Change is happening in private schools and homeschooling. Both are smaller and independent so can try out new ideas more easily. Democratic education, Magnet schools, Unschooling, Learning through play have been used successfully for decades.

    But those changes aren’t trickling into the public schools. Parents are resistant to changes that haven’t been tested on a large scale that affect their children’s futures. Parents trust that if they push their kids the right way, they can get the current public school system to “work,” that is, get their kids into college. Whether their kids enjoy it or not is irrelevant. The parents, in many cases, suffered through and got into college, so they feel that’s just how it needs to be.

    Because at least in my opinion, students that truly “hate school” are not as common as we think. As with most other kids when I was in school, I didn’t much care for having to wake up early, stay up doing homework etc. but it was a fact of life. I don’t care much for my job as an adult now, but I need a place to live and have a car to put gas in, so once again, it’s just a fact of life.

    School was however, a great place for social gathering and many classes for me were downright enjoyable. I wasn’t a remarkable student but any means but I did rather well, and I think the same could be said for 80% of my school. Of those 80% I would think almost all of them would say they hated school among their peers, but if you talked to them one on one, they’d say they enjoyed it.

    I would think the majority of students that fake sick frequently or routinely cut class should be looked at for signs of bullying or learning/attention difficulties, as these are the only true reasons I feel would stop a child from attending, either out of fear or frustration/lack of hope. Situations such as these absolutely need to be examined by the school and staff.

    Did I cut class? Of course, towards the end of the year I often skipped and went home or to the park, if it was a beautiful day. It wasn’t because I hated school or was lazy, sometimes kids just get sick of structure and getting cooped up. There are. A simple google search will show you that. But yes the problem could be there is not enough support.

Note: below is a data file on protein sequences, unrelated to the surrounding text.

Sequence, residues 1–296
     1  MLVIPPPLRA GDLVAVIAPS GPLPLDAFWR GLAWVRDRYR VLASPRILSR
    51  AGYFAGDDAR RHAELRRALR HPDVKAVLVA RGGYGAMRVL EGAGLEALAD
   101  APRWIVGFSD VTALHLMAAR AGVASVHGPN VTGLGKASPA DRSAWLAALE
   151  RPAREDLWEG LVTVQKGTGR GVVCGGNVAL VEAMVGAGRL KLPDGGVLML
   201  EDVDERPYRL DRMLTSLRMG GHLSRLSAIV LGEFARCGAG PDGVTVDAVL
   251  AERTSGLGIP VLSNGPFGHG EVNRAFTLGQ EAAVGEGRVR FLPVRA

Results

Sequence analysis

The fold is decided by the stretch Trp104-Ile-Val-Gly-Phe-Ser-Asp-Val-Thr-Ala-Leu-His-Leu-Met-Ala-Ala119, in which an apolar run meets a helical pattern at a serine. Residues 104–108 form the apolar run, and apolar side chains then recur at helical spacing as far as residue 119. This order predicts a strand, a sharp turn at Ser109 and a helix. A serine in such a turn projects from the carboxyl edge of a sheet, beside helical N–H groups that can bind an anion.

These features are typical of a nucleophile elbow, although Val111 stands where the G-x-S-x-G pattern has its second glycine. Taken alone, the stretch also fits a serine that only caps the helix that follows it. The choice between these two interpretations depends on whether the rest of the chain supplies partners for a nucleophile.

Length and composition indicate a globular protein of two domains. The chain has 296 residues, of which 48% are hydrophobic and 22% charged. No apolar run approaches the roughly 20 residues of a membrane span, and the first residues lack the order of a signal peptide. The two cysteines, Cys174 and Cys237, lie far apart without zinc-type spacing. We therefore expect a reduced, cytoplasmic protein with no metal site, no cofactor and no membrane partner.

Lots of people discussed about our current educational system reflecting a society made to educate factory workers. And that is being partially solved as students are given more choice in regards to course difficulty. The problem is that competition is high. Years ago, students got into MIT with only honors classes. Now, without an AP class you might be noncompetitive for state colleges. The average Ivy league student now takes 7 – 12 AP classes throughout high school.

    While some students are skipping, others are acing their ap class, tests, and the SAT or ACT. But everyone is different. That is the problem most experts have trouble recognizing. Yup. Schools block creativity. Put these people in a room for seven hours a day, give them something to do, tell them when to piss, allow them when to eat, and tell them where to look.

    Don’t get Raunak wrong: schooling is necessary. Even if it is this robotic one that most of us have to utilize. Our basic understanding of creativity comes from schools. But then again, the same potential for creativity which schools introduce to us are blocked and inhibited later on by the same institution. So it would be more appropriate to say that schools don’t kill creativity, but they inhibit our overall potential to be more creativity-oriented. We need a better school adminstration system. Our teachers are fine. Our board of adminstration is what really sucks.

    And fortunately, this status is improving. There are countries like Finland where learning is based on co-operation and understanding. That is what every school needs. Raunak only hopes we can implement their learning practices into our on institutions, much like how governmental adminstration systems have been applied by various other countries, after it was clear that those styles were better than their current ones. Such understanding has led to one of the most relatively peaceful times in history, that is now. We can only hope the same for schooling.

    This essay was written by a fellow student. You may use it as a guide or sample for writing your own paper, but remember to cite it correctly. Don’t submit it as your own as it will be considered plagiarism.

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    Do Schools Kill Creativity. (2021, Sep 30). Retrieved from https://graduateway.com/do-schools-kill-creativity/